|Our senior dog Tucker aka Sugar Lips|
The Joys of an older Dog.
Like us, most people who decide to get a dog, or another dog, get a puppy.
Puppies are incredibly cute, soft and cuddly and look to us for direction in life.
Until recently I had never questioned our decision to adopt puppies. Because of my wife’s avocation as blogger of all things dog, I have begun to think outside of the “Puppy” box.
One thing I have realized is just how many dogs are available for adoption that have had a previous loving life in a family. They are house broken, neutered, socialized and most of all longing for the love and inclusion they once knew.
I am talking about older dogs.
Just because an older dog is in a shelter or foster care does not mean something is wrong with them. Their previous people may have died, fallen on hard times or were forced to move somewhere they could not keep the dog.
This realization has led me to think about our previous pets. The recent loss of our beloved senior dogs, Tucker and Lucy, first comes to mind because I still miss them greatly. Yes they were puppies when they came to live with us, but being a puppy only lasts a short while.
You get to watch a puppy as they grow into an adult and then grow old. All the while you get to know them better and they get to know you better. They learn their place in their world and become great role models of puppies and people.
A bond grows and they truly become part of your life and you become a major part of their life.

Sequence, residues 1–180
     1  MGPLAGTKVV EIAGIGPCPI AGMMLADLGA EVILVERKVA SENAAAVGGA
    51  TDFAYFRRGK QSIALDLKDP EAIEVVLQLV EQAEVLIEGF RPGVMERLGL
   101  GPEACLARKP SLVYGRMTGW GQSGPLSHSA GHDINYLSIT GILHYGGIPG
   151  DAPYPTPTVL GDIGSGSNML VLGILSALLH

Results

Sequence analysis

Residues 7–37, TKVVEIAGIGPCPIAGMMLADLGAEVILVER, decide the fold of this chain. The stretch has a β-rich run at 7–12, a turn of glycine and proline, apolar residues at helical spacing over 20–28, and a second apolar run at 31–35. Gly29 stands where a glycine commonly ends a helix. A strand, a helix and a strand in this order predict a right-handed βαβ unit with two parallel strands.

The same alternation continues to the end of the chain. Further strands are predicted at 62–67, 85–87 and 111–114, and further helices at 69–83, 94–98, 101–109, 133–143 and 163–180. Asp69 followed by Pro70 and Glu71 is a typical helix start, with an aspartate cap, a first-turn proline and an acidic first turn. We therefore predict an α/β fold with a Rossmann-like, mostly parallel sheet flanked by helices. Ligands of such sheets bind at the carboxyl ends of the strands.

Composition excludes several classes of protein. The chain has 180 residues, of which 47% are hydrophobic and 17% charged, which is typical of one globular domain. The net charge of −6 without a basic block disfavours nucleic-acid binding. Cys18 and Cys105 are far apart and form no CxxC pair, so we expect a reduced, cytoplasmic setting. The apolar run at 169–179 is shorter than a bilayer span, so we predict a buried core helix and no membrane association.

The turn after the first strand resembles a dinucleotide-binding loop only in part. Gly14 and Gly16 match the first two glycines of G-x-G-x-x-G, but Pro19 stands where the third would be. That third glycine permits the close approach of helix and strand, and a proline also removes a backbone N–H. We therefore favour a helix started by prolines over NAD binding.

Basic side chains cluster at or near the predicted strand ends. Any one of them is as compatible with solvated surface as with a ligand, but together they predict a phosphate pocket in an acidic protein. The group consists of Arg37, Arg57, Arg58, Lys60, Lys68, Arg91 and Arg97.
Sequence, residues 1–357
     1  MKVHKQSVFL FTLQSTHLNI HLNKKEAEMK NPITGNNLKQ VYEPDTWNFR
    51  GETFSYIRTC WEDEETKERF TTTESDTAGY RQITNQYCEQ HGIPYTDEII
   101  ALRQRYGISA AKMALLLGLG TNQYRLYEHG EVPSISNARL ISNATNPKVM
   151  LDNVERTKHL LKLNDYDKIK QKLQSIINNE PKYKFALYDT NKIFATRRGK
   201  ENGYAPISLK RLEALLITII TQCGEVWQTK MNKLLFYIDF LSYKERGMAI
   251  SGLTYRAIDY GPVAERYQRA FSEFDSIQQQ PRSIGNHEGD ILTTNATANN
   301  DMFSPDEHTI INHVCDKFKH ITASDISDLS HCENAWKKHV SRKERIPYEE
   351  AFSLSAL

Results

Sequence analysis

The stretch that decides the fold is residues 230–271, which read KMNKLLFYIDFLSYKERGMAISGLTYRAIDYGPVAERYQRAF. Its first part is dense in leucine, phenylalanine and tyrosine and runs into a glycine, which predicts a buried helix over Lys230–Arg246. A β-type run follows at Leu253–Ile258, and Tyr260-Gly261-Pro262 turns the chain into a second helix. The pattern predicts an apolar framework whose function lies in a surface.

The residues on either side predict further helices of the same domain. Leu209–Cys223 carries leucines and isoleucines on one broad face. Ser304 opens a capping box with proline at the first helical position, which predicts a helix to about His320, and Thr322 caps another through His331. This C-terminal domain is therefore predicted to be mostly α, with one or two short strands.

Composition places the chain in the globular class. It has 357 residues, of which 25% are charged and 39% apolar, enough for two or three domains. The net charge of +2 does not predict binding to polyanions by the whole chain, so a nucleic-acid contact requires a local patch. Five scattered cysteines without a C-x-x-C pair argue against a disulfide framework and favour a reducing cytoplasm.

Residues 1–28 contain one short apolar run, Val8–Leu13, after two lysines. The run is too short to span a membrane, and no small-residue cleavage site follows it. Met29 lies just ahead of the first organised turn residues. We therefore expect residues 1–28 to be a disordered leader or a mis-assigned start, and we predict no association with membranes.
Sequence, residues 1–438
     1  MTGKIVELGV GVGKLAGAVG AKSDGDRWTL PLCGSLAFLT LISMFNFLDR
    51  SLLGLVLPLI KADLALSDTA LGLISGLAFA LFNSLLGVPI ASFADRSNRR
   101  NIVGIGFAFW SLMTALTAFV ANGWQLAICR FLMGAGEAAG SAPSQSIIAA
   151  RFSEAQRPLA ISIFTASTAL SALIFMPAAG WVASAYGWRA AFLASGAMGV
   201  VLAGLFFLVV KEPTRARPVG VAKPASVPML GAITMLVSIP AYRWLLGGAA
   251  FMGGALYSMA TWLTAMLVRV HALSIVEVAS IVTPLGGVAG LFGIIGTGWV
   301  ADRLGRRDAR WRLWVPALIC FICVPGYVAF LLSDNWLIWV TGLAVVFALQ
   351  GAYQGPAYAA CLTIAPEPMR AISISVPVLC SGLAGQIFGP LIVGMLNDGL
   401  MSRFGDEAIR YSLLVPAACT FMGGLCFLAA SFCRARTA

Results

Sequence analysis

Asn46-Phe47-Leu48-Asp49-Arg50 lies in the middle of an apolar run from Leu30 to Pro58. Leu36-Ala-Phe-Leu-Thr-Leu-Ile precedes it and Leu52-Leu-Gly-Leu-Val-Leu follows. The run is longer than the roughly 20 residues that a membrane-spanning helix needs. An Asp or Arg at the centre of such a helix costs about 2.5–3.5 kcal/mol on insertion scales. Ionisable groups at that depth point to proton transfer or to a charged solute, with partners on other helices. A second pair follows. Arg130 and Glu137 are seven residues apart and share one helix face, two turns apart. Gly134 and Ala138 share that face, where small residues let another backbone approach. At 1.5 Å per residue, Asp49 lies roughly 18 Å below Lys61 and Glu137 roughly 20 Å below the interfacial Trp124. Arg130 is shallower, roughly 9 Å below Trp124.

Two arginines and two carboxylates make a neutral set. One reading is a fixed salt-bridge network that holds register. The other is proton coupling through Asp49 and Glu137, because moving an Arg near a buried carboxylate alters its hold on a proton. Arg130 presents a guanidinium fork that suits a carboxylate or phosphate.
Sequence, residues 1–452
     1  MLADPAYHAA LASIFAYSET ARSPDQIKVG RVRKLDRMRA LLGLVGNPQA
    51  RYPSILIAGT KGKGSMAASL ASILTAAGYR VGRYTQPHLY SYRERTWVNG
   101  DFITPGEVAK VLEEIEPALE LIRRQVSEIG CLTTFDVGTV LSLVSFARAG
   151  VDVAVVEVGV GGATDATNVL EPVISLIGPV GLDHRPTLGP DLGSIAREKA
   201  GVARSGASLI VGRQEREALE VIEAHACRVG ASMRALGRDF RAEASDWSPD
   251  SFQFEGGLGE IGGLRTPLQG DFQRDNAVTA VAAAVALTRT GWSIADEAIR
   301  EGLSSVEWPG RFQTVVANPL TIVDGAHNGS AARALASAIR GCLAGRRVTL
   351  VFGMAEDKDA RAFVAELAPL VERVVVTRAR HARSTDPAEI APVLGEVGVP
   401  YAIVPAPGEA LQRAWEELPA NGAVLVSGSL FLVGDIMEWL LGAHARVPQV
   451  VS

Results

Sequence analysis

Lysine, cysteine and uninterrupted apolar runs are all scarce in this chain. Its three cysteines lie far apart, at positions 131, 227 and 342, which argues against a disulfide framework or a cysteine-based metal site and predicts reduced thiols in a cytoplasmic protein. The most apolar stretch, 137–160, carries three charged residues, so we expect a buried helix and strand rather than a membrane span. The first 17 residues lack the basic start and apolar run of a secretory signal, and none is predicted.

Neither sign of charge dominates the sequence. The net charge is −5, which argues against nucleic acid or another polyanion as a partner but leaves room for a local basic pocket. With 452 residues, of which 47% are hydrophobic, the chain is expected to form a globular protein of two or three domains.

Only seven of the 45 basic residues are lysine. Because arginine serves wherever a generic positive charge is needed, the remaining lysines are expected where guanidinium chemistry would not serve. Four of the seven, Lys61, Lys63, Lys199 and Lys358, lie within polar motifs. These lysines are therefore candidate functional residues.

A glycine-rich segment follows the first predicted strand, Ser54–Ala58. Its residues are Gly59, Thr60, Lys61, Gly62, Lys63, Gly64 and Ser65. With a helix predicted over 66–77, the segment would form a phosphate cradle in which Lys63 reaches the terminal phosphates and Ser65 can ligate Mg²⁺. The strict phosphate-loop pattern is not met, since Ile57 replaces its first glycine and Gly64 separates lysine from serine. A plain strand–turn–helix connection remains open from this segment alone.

If you watch closely you can learn a lot from your dog, and not just little things. Things we all need to learn in life: acceptance, trust and unconditional love.
Yes, my dogs have been a positive and loving experience in my life and have taught me a lot about living. Not much of this learning happens in puppyhood while you are busy house training teaching them the ropes and replacing things they destroy.
This learning happens as you share your life together. Yes, the end is hard but if you are lucky you get to hold them as you bid them farewell, knowing they had a good life and you were a major part of that.
Now we have Jeffie, six years old, who is just beginning to show some age. That realization causes me to want to spend more time with him and share the bond we have. There is Rudy, who is two years old, and I find myself longing for the day when he mellows and learns some of the lessons we are all trying to teach him.
Puppies are great but the greatest joy is sharing a long and loving life with them.
The shelters are full of older dogs that have already learned those puppy lessons and wanting to share some love.
Think about it. I am.